Potential effects on urology service

In addition to the effects on operating and the availability of staff to manage urology patients, the COVID-19 outbreak has also affected outpatients and inpatients in urological services in northern Italy. Questions regarding the long-term effect of the pandemic remain unanswered (Box 1).

In Papa Giovanni XXIII Hospital, the decision was made to maintain outpatient clinics for any emergency consultations, all oncological patients requiring a urological evaluation, patients with high-risk non-muscle-invasive cancer within the first year of follow-up monitoring who were scheduled for cystoscopy, and for re-evaluation of patients with indwelling bladder catheters. However, stratifying these priorities correctly is very difficult. Stone clinic and surgery, private patients’ clinic and surgery, functional urology assessment and procedures, extracorporeal shockwave lithotripsy and andrology clinic and surgery as well as prostate biopsies were stopped completely. Thus, we are faced with decisions regarding which oncological patients must be seen in the offices, which therapies must be continued (such as bladder instillations) and how long these treatments can be deferred. Furthermore, we must consider how we should redefine treatment options and timing.

Treatment decisions for urological inpatients are also affected. Normally, regional guidelines require that any patient requiring oncological surgery must be treated within 30 days from diagnosis. Typically, departments struggle to meet this deadline. Owing to the COVID-19 emergency, this rule has been annulled and surgery within 30 days is recommended only for oncological priorities. However, with limited resources, how we now define, select and prioritize oncological priorities is uncertain — is a patient with Gleason 8 prostate cancer a higher priority than a patient with newly diagnosed high-volume bladder cancer? Is a cT3 kidney mass in an elderly person worse than a phaeochromocytoma in a young patient?

The government of Lombardy has identified some conditions that require non deferrable treatment in hospitals that are not COVID-19 burdened. In detail, these are any condition that can determine potential urinary sepsis, urgent cystectomies, testicular cancer and large kidney cancers (>7 cm), whereas transurethral resection for bladder cancer is to be discussed case-by-case. However, these centres are unlikely to remain free from COVID-19 for long once they begin to receive patients from a COVID-19-infected area, even if those patients have a negative swab. Furthermore, questions remain regarding how to manage a patient in need of surgery who becomes positive while being referred and how to screen patients being transferred to COVID-19-free hubs for treatment.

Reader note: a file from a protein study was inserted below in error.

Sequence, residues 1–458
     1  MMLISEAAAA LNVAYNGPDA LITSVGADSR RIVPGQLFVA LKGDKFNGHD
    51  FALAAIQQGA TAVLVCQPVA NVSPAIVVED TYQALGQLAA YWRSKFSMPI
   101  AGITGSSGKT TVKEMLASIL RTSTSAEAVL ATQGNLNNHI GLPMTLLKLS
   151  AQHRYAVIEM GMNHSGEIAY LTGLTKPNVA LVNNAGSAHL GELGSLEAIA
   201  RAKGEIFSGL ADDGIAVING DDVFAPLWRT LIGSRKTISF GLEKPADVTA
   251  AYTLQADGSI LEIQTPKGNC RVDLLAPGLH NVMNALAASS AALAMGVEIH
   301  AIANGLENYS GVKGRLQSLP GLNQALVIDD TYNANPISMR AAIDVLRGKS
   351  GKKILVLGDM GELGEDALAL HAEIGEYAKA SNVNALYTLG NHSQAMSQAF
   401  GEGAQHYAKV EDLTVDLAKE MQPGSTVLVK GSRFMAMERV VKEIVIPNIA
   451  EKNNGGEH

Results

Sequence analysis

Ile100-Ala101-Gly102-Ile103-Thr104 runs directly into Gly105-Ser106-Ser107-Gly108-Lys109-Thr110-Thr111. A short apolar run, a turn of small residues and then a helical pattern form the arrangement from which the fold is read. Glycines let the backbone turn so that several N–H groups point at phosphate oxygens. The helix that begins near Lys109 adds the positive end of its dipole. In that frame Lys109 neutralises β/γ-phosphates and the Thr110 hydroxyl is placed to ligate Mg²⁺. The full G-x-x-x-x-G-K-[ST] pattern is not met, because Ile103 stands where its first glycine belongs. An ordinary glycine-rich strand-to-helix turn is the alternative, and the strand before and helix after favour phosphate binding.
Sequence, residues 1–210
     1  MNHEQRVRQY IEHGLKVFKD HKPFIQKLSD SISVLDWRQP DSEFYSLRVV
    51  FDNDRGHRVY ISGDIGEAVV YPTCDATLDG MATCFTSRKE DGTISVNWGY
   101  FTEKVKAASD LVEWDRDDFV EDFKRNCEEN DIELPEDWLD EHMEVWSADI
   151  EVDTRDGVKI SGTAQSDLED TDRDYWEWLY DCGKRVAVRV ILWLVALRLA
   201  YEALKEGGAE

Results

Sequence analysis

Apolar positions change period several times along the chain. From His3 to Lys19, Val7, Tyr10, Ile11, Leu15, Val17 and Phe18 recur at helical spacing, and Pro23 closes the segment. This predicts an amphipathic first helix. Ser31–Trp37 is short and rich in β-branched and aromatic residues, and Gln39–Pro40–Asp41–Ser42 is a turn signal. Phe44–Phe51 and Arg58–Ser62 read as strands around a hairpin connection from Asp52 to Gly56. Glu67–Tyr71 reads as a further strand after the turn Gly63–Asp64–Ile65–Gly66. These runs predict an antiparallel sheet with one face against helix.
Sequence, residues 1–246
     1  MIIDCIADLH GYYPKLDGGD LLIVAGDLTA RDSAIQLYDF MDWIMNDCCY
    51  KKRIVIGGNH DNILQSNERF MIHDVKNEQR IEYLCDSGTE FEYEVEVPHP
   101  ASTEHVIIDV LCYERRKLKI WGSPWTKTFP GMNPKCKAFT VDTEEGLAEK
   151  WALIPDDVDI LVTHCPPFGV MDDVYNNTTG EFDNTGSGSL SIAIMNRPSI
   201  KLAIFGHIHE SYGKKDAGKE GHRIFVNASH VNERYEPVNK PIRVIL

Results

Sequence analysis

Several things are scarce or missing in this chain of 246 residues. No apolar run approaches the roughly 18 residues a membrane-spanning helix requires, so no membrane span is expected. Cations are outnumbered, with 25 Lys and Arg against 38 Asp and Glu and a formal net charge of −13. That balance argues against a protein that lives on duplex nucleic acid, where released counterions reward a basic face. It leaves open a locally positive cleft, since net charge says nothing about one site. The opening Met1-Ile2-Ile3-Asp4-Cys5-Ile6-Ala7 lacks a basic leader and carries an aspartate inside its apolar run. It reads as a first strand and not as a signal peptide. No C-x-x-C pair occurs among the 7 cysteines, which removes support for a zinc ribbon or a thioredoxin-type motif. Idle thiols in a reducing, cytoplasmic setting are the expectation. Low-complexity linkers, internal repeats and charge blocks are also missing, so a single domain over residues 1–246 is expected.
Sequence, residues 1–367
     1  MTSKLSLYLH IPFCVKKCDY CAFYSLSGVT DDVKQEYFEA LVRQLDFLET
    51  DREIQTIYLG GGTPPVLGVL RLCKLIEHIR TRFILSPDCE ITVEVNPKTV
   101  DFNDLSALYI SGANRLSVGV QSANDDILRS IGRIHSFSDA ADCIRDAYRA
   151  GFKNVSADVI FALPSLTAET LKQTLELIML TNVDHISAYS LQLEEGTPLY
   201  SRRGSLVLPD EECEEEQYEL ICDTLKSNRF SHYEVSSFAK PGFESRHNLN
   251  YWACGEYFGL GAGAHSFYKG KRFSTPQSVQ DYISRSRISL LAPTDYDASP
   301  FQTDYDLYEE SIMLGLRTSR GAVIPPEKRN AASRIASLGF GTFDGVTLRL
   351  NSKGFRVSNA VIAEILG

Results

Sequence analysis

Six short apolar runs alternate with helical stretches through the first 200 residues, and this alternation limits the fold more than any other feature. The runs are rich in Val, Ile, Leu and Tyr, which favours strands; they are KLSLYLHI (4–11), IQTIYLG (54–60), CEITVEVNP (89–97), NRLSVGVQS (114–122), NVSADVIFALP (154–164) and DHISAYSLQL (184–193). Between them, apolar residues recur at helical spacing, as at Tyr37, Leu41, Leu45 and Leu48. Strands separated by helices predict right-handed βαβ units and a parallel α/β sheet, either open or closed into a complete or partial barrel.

Long-term implications for patients

The long-term implications of this reduction in clinical activity in urology are currently unknown, as determining how long the crisis will last is impossible. Certainly, preventing many patients from accessing timely and necessary surgery will clearly have unpredictable negative repercussions on their chances of being effectively treated. Furthermore, specialist referrals and access to diagnostic tools for important symptoms (for example, haematuria) will inevitably be reduced, delaying potential life-saving treatments.

Lessons and outlook

A COVID-19-infected area will inevitably have to dedicate all its human and technical resources to the treatment of patients with COVID-19, reducing attention on all non-COVID-19 conditions. A referral hospital will become a COVID-19 hub within a few days. Urologists, as is the case for any other surgical and non-surgical specialty, will have to dedicate part, if not all, of their practice to the treatment of patients with COVID-19 and drastically reduce their own clinical practice. A urological team will have to expect to be at least halved owing to their clinicians being infected. The treatment of non-deferrable oncological and non-oncological priorities can be maintained at a minimal intensity; however, these treatments are at high risk of dangerous cross infection with the SARS-CoV-2 virus. International and National Urological societies must try to support clinicians — despite the lack of current knowledge — with updated, timely and corrected indications for how to manage urological patients during the COVID-19 crisis, to guide difficult and potentially dangerous decision-making.

The lack of timely treatments or diagnosis for COVID-19 will inevitably produce negative repercussions on overall patient outcomes, but these are still unknown and impossible to quantify.

Ultimately, this unprecedented health scenario will help reveal the real necessity for the high number of aggressive diagnoses and treatments normally offered widely to (too) many patients, in a urological setting and beyond.